Journalism students credited with suspect’s arrest in Daniel Pearl beheading

Daniel Pearl
Daniel Pearl, WSJ Correspondent
Photo Credit: AOL News

An investigation by Georgetown University journalism students helped lead to the Sunday capture in Pakistan of a suspect in the 2002 beheading of Wall Street Journal correspondent Daniel Pearl.

Pearl was kidnapped in Pakistan in January 2002 and his murder was videotaped and posted online.

ABC News reported on “The Pearl Project,” a three and a half year investigation led by Georgetown University professor and friend of Pearl’s, Asra Nomani, and 32 of her students.  These amateur investigators followed clues and conducted incredible scientific research from evidence they detected on the video made of Pearl’s murder.

Daniel Pearl WSJ
Photo Credit: BBC News

The students used “vein matching” to compare the veins of the killer’s hand from the video to the veins in photographs of Khalid Sheikh Mohammed who confessed in 2007 to beheading Pearl after being water boarded, the report said.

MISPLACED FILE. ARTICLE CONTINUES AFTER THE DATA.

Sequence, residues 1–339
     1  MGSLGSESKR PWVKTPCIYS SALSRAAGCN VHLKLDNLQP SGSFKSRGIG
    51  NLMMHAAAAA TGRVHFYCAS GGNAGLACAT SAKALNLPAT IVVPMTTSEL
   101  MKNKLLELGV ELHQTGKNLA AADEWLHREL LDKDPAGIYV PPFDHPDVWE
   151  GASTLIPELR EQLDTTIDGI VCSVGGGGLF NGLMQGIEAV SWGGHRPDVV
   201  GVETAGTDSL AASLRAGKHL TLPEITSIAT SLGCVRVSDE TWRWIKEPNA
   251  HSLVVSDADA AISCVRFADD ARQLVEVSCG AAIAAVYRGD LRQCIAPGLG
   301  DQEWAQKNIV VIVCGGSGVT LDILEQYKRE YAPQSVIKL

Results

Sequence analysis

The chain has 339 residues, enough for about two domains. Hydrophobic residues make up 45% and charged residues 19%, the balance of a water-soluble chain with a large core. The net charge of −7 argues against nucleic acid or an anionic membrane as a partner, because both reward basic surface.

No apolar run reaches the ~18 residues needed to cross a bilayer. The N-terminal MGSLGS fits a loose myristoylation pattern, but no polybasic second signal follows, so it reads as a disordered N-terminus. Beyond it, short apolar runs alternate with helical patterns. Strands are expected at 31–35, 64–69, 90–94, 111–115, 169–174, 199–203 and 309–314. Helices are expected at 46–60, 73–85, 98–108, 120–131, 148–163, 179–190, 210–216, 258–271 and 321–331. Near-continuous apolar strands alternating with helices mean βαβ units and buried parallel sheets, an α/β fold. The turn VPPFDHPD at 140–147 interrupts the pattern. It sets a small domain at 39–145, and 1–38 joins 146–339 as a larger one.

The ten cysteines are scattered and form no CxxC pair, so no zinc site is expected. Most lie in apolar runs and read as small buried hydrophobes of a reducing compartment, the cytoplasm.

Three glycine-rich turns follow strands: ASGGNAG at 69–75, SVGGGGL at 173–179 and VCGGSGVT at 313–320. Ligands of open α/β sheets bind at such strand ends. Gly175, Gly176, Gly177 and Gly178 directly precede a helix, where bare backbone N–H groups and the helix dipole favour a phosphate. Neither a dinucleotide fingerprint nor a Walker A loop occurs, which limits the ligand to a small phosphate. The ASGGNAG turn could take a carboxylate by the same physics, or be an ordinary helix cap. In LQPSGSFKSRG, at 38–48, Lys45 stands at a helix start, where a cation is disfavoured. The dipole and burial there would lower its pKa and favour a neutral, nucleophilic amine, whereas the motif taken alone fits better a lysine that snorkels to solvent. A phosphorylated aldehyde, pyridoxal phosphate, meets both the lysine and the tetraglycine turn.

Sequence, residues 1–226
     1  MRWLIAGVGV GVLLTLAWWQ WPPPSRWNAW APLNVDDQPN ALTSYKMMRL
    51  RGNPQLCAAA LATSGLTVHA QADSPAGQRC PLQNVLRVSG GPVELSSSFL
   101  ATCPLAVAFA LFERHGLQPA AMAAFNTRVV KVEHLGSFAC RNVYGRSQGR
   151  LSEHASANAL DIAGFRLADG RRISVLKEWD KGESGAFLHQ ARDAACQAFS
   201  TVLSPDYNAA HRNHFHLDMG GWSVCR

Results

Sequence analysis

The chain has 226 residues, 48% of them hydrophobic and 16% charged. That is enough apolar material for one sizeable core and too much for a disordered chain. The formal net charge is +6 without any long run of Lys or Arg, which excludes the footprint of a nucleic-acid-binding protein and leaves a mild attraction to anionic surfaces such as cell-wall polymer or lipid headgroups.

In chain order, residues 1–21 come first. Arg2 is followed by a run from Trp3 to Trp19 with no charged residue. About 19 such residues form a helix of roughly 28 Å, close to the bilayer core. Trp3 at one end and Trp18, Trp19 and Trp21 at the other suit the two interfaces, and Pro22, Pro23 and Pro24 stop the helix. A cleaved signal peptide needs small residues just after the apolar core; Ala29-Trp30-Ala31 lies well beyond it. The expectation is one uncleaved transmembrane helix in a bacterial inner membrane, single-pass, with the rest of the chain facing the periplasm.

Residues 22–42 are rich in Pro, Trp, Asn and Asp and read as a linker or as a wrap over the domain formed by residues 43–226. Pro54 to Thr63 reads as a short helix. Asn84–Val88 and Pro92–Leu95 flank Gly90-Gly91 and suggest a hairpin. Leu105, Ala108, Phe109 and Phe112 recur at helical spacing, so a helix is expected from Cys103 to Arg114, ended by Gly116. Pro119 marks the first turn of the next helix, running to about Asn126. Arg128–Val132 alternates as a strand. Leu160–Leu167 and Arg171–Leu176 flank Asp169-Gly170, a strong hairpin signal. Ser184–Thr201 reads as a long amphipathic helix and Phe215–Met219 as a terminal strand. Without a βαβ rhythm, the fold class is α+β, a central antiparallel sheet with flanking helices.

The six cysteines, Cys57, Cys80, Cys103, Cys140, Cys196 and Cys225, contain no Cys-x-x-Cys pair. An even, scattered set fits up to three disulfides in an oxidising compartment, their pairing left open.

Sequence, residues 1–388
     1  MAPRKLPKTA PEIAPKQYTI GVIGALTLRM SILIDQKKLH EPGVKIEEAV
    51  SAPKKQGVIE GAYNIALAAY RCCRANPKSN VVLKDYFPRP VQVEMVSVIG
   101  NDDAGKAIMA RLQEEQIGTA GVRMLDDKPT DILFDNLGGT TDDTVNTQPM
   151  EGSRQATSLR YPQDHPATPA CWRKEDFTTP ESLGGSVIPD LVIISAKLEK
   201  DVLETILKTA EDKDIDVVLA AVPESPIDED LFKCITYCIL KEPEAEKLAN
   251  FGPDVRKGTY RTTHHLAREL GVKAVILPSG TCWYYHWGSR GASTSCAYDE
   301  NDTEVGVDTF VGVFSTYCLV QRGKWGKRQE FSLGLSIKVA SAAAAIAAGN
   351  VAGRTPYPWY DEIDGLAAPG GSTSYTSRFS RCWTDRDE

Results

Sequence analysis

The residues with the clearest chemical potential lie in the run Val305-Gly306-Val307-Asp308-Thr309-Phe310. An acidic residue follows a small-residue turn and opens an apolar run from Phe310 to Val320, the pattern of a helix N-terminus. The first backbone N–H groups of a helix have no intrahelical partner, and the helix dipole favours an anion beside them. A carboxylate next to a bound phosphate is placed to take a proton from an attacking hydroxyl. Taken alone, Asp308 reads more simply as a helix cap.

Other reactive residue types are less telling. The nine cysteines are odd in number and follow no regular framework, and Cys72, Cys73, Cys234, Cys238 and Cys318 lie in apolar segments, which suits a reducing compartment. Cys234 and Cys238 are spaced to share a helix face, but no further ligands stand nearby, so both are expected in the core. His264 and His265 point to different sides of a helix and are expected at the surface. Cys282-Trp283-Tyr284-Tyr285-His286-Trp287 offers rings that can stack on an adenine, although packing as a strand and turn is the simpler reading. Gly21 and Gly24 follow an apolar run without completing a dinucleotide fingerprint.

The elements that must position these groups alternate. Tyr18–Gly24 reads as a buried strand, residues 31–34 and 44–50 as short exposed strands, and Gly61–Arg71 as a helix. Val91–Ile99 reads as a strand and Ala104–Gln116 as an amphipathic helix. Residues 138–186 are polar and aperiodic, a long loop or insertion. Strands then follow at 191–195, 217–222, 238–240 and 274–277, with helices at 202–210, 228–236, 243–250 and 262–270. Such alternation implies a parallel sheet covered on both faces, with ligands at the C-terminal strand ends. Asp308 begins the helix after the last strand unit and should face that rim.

Mohammed is “currently in U.S. custody at Guantanamo Bay,” ABC reported, but “has never been charged with the crime.”

Pakistan officials, though, arrested Qari Abdul Hayee, “Sunday in a targeted operation by the Pakistani Rangers, a paramilitary unit, in the city of Karachi, Pakistan,” the article said.

According to ABC News:

Pakistani officials said they do not believe Hayee carried out the murder, but said he was “privy to the whole situation” and that he was part of the terror group that carried out the crime.

In 2011 a man named Abdul Hayee was identified as one of 27 people allegedly involved in Pearl’s kidnapping in a special investigation by Georgetown University called The Pearl Project.

Watch the ABC News report on these tenacious journalism students here:


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